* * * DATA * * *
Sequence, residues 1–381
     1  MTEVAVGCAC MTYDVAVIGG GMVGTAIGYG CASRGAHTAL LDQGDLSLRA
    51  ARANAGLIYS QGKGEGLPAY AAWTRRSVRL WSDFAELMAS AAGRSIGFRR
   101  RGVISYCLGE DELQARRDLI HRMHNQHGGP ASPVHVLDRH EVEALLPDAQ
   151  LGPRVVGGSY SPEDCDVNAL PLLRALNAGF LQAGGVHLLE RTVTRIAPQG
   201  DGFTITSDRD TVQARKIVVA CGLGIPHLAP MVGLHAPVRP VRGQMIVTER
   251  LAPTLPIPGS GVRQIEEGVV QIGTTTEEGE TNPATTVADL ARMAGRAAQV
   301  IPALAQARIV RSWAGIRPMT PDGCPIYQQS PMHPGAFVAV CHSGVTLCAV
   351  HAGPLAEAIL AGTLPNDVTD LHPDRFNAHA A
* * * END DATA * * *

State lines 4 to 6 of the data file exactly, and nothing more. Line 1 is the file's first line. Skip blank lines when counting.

   101  RGVISYCLGE DELQARRDLI HRMHNQHGGP ASPVHVLDRH EVEALLPDAQ
   151  LGPRVVGGSY SPEDCDVNAL PLLRALNAGF LQAGGVHLLE RTVTRIAPQG
   201  DGFTITSDRD TVQARKIVVA CGLGIPHLAP MVGLHAPVRP VRGQMIVTER